[clug] Kernels are easy, ls is the hard part!
rcrook at vtown.com.au
Thu Sep 13 14:09:52 GMT 2007
All in all, I think the real point is, weather we like it or not, a
"Linux" systems covers more than just GNU and Linux. The real reason
"Linux" Systems are called Linux is the human propensity for laziness.
Its easier to say "I run linux on my boxen" and the English language is
too flexible and adaptable to drive the laziness out.
True, the lay-people don't fully understand how many
groups/communities/developers etc. are involved in the "Linux" distro
they go searching for on the net. I am sure it would blow alot of them
away to know that literally 100s of communities contribute to "Linux".
To them its just "Linux", a tag, a name, a convenient handle to describe
that which has become synonymous with geeks and data centres.
Those of us who do understand the universe that encompasses GNU Linux
realise that it is more than just "Linux". But it all comes down to
language. I think RHS will be disappointed to find that the society the
uses brb, lol, ur, and kewl will never use GNU Linux... We are stuck
with Linux... Until something else come along. Remember people don't say
I run windows vista business on their PC, they say I run Windows, or
they say I run Vista.
BTW, Sam.... emacs doesn't need a text editor... the world has vi. ;)
Pietro Abate wrote:
> On Thu, Sep 13, 2007 at 09:16:30PM +1000, David Tulloh wrote:
>> Pietro Abate wrote:
>>> To Call a system Gnu/Linux is a way let people know that the system is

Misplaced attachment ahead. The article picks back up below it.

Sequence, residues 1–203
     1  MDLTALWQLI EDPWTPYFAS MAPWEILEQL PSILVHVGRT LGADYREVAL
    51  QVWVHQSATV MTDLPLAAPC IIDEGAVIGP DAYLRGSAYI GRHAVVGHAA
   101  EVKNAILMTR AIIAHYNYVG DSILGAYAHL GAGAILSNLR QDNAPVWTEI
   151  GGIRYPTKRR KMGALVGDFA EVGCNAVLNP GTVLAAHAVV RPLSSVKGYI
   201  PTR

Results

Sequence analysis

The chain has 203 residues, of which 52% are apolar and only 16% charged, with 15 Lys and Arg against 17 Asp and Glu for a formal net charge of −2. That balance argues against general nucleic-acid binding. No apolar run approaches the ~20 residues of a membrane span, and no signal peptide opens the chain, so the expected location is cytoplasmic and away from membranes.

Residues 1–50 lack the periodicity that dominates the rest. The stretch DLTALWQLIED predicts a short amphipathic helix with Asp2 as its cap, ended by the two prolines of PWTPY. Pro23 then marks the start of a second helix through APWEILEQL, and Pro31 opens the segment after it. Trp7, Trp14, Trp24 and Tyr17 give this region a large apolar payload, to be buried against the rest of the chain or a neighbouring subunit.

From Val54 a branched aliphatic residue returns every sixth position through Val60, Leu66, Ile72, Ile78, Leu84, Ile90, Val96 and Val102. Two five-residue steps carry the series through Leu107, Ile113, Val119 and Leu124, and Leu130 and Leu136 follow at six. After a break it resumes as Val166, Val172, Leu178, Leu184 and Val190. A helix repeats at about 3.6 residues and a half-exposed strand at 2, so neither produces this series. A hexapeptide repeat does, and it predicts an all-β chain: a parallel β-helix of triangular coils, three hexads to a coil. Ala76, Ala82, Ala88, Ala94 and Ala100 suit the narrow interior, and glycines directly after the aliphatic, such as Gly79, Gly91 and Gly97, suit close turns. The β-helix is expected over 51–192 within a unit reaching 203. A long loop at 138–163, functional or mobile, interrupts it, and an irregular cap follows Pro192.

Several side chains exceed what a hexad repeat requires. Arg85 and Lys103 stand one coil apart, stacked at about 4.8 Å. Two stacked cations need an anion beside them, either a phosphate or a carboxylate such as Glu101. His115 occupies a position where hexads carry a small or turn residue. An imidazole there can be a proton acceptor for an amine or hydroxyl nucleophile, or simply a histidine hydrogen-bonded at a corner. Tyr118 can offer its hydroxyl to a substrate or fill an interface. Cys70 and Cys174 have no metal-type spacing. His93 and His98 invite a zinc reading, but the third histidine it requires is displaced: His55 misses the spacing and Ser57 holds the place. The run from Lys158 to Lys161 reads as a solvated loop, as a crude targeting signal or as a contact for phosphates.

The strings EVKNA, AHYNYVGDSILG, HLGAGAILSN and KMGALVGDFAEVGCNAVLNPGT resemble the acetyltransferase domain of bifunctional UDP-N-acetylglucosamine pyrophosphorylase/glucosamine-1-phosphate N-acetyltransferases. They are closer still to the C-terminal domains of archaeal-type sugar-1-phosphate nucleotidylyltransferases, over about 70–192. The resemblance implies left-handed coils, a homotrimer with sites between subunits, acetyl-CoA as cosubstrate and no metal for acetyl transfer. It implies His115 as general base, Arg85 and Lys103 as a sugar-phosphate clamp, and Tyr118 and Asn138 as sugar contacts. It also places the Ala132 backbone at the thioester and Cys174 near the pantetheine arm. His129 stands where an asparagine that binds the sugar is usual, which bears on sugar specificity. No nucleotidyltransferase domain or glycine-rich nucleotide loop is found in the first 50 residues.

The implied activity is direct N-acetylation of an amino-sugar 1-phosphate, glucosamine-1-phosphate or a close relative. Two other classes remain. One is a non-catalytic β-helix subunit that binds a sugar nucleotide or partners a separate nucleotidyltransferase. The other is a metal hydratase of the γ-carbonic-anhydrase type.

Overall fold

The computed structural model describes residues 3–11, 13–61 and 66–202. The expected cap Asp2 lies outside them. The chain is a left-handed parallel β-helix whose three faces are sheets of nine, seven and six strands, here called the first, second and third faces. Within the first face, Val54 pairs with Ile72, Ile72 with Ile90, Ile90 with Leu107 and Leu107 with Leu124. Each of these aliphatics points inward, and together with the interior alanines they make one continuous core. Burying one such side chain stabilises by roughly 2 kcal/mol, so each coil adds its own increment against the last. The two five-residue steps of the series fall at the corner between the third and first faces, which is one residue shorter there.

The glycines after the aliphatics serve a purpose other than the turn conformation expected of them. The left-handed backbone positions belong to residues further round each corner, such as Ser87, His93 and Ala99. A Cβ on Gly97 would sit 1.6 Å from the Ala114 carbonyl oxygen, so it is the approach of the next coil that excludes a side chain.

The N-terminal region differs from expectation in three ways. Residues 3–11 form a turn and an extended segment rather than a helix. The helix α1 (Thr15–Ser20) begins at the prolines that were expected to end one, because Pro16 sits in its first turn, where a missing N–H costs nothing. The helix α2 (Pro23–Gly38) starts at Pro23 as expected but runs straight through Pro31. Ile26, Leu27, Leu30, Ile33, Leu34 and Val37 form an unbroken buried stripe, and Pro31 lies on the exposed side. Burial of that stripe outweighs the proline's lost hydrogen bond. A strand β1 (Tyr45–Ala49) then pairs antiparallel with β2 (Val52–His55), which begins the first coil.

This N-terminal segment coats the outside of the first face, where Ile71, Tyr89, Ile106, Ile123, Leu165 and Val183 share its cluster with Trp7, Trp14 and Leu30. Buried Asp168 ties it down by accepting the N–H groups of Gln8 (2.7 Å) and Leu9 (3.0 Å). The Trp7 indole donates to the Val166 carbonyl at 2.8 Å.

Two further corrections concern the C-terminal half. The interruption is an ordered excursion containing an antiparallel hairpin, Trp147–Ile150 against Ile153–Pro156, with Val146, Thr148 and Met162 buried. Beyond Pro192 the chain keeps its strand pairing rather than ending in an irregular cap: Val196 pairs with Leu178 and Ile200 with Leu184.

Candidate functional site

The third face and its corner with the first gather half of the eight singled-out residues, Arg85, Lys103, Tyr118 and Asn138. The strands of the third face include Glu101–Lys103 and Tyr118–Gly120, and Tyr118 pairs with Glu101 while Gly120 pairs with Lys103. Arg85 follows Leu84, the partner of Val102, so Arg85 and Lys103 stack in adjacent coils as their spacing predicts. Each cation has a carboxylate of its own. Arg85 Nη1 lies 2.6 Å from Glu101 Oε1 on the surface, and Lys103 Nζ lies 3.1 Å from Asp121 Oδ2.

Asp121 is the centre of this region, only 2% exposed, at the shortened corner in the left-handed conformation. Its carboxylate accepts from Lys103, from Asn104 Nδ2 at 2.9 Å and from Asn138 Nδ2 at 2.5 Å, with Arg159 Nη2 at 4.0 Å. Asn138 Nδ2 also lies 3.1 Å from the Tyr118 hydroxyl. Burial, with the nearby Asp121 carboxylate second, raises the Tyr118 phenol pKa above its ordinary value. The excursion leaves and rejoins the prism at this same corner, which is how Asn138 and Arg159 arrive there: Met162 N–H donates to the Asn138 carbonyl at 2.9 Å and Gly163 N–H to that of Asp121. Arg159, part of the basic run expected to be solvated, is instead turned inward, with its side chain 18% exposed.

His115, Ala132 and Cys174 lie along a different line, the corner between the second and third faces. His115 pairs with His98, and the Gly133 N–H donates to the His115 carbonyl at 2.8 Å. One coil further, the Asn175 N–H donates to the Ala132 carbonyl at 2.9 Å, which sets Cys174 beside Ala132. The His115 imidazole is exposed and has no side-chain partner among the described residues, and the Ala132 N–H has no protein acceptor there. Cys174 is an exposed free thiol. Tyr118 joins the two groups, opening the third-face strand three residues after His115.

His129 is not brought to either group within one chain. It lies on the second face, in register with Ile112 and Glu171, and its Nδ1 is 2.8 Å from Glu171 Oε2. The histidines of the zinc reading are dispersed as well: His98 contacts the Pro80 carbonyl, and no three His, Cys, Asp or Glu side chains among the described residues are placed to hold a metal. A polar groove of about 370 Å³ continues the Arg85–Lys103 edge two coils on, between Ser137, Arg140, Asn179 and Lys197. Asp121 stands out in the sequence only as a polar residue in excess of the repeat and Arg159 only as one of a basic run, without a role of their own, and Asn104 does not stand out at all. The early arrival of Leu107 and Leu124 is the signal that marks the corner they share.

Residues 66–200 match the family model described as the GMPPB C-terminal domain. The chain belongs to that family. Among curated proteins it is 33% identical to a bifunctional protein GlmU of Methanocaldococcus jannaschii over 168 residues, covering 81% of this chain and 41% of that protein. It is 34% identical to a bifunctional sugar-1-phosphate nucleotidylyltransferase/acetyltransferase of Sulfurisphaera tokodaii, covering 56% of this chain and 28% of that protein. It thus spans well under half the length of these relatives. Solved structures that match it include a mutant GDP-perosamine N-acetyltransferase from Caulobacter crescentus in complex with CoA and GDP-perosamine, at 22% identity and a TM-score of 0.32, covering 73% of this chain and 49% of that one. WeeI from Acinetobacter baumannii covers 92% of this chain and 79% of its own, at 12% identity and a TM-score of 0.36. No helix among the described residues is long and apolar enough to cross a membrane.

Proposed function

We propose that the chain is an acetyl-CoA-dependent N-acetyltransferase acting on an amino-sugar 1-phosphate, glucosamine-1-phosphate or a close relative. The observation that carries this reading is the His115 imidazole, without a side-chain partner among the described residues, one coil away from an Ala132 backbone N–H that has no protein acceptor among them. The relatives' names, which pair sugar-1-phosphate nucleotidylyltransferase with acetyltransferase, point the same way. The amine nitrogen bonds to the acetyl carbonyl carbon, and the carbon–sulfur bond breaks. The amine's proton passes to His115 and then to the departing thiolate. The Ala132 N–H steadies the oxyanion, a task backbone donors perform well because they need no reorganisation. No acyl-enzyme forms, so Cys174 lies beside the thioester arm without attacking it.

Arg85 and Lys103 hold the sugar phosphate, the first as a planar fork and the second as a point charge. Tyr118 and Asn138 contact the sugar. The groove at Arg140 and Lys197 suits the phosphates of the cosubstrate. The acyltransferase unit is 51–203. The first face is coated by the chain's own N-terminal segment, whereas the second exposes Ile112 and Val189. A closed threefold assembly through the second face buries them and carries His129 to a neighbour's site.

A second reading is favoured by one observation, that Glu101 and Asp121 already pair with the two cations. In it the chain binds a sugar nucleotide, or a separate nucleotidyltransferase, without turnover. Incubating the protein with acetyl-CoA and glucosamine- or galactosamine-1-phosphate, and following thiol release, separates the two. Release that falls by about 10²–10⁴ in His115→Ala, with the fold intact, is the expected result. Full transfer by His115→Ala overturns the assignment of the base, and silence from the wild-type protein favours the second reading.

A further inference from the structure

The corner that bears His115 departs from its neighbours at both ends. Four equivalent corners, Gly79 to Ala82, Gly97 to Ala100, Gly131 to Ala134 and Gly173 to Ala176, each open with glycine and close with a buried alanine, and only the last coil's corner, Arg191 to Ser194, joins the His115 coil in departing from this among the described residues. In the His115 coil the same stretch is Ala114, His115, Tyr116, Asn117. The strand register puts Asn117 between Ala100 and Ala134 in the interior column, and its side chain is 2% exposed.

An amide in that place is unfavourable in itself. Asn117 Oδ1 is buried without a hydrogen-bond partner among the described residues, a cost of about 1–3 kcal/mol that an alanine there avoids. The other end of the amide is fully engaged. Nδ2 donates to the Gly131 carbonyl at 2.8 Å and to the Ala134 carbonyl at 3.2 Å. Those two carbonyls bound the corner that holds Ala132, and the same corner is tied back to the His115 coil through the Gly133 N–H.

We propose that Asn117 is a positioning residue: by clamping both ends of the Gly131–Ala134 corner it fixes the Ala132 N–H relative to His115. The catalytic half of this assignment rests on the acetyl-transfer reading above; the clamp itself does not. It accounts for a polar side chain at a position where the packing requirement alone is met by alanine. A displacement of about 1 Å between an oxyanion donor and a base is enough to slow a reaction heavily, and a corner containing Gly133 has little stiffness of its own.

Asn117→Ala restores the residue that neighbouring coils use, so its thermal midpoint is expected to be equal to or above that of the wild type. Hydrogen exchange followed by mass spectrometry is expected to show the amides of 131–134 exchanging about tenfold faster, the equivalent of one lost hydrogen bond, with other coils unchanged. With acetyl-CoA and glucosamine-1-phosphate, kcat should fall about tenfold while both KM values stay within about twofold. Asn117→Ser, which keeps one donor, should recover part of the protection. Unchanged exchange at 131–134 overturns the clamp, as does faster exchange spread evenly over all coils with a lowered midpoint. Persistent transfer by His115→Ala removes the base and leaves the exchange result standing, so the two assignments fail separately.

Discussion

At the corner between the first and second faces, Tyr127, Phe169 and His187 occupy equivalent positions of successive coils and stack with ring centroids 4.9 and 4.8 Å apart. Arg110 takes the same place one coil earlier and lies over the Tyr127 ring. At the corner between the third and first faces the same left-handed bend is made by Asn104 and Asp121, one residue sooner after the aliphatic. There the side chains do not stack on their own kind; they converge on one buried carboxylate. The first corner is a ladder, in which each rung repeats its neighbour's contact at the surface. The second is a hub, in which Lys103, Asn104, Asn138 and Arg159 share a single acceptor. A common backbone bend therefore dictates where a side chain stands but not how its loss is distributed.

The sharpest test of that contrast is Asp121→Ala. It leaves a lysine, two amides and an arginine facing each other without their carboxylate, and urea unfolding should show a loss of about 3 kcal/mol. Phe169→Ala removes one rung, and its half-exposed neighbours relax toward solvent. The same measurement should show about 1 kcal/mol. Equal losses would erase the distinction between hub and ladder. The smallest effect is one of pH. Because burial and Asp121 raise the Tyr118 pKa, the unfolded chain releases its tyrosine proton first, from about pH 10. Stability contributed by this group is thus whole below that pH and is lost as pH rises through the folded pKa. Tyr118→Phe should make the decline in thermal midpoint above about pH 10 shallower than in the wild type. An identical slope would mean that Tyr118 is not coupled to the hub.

>>> composed only by the kernel (linux) but also by other application such
>>> as the gnu platform. In fact debian calls its system as Debian Gnu/Linux
>>> to state that yes, the system is based on Gnu/Linux but also that is
>>> kept together by the debian system/community.
>> Language evolves, Linux has evolved to means the whole system rather
>> than simply the kernel. These days when people want to refer to the
>> kernel they generally state "The Linux Kernel". If Hurd ever becomes
>> mainstream I'm sure we will see Hurd Linux or The Linux Hurd Kernel used
>> in many of the media sites.
> Yes, but sometimes it evolves in the wrong direction. Many times
> literate people say that journalist (even technical journalists ahahah
> :) ) are very slow to keep up and to learn how to use the correct
> jargon. Of course the reason is clear. Using a technical jargon
> excludes the masses from understanding even simple concepts. However not
> for this reason that literate people (as members of this list) should
> make the same mistake and misinterpret RHS words.
> On one hand he is a geek and prefers to use a technical language, on the
> other hand RHS is trying to brand the FSF software in a certain way. The
> second aspect is the more important. If we agree with the
> social/economical ideals of the FSF, then we should put an effort to
> help the FSF to brand its platform in this way. If we disagree, then is
> correct to call things in a different way, the same way M$ tried for
> years with their "get the facts" campaign ...
> Geeks are learning the ways of marketing :)
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